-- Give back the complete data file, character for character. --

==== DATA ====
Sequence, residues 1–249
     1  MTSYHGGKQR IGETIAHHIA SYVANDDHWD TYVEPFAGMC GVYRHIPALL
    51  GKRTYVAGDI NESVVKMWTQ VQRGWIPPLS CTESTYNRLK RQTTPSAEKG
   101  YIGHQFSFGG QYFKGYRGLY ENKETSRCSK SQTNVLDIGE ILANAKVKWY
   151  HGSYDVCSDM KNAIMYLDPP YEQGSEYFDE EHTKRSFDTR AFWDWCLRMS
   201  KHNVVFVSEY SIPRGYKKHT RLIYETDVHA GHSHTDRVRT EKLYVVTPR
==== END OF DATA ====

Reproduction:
Sequence, residues 1–249
     1  MTSYHGGKQR IGETIAHHIA SYVANDDHWD TYVEPFAGMC GVYRHIPALL
    51  GKRTYVAGDI NESVVKMWTQ VQRGWIPPLS CTESTYNRLK RQTTPSAEKG
   101  YIGHQFSFGG QYFKGYRGLY ENKETSRCSK SQTNVLDIGE ILANAKVKWY
   151  HGSYDVCSDM KNAIMYLDPP YEQGSEYFDE EHTKRSFDTR AFWDWCLRMS
   201  KHNVVFVSEY SIPRGYKKHT RLIYETDVHA GHSHTDRVRT EKLYVVTPR